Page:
Previous coverage on HomeNetworking01.info
From the horse’s mouth
After three months of hard work, the fibre-to-the-premises gigabit broadband rollout has been completed in Appleton and Eaton in Oxfordshire. This has passed 400 properties with 40% service take-up at the time of writing.
As previously mentioned in the coverage, this service is intended to be a symmetric network with equal bandwidth for upload and download. This feature will make it work well for telecommuters, Skype users and small businesses who synchronise data between home and the shopfront.
There is a desire by Gigaclear to cover more Oxfordshire rural communities. One of these is Watlington where the Watlington Community Broadband service wants to move from ADSL2 copper technology to the newer FTTP all-fibre-optic technology. Anna Badcock who is representing Watlington on Oxfordshire District Council and formed Watlington Community Broadband with county councillor Caroline Newton is behind this concept as a service improvement effort.
Through the construction phase for this network, Gigaclear have hosted many demonstrations of what this technology can do. This included use of the smart-TVs’ Internet-enabled capabilities, VoIP-based telephony including the ability to retain one’s own number and handset, video telephony amongst others.
What is being emphasised here is the concept of a rural lifestyle but being able to still benefit from real broadband Internet. This concept underscores professionals working from home in a lot of the country villages and towns through country-based businesses being as competitive as city-based ones to country-based hotels and similar businesses offering Wi-Fi to attract the city-based business traffic.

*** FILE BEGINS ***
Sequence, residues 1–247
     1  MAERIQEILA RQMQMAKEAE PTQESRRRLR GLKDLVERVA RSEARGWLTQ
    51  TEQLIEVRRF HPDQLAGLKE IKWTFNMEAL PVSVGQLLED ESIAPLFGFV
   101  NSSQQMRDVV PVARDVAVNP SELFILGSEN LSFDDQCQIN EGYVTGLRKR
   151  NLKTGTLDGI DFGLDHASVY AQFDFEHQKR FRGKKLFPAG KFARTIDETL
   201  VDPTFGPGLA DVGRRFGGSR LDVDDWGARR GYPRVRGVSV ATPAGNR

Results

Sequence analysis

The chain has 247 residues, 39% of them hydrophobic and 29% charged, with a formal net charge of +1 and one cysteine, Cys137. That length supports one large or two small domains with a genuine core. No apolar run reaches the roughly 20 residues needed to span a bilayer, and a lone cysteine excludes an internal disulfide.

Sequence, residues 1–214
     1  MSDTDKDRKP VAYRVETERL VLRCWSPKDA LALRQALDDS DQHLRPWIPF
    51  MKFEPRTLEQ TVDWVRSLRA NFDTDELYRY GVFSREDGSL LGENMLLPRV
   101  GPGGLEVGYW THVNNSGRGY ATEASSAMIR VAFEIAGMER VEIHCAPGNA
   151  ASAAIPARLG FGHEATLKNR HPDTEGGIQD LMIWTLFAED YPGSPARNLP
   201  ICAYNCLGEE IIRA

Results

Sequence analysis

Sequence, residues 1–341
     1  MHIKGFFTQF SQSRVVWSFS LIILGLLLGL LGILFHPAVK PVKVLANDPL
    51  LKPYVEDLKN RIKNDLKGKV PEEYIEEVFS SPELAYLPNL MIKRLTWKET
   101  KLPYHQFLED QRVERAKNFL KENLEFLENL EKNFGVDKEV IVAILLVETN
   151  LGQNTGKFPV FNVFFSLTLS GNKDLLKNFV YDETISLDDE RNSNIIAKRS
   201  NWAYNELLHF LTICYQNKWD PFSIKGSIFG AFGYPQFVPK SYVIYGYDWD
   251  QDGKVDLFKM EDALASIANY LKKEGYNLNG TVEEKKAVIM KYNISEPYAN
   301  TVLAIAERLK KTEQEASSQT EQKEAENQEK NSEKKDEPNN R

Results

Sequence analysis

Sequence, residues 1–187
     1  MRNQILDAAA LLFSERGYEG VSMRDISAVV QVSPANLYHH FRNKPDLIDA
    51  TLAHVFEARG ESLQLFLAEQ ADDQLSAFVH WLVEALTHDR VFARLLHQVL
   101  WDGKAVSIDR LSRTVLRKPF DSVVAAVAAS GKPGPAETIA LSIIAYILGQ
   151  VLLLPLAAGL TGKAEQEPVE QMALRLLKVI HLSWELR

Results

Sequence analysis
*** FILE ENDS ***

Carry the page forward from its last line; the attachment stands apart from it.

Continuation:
A question still worth raising regarding these FTTP broadband rollouts that Gigaclear are undertaking is whether the farms, manors, and similar large properties on the outskirts of the villages are being given the option to have this broadband service delivered to them. The question that will often be raised by the owners of these properties is how much it would cost to roll out the fibre-optic infrastructure to the main building.
As we see more of these developments taking place around rural UK courtesy of Gigaclear and others, it could be a chance to prove that real broadband Internet, especially next-generation Internet can be a reality in the country.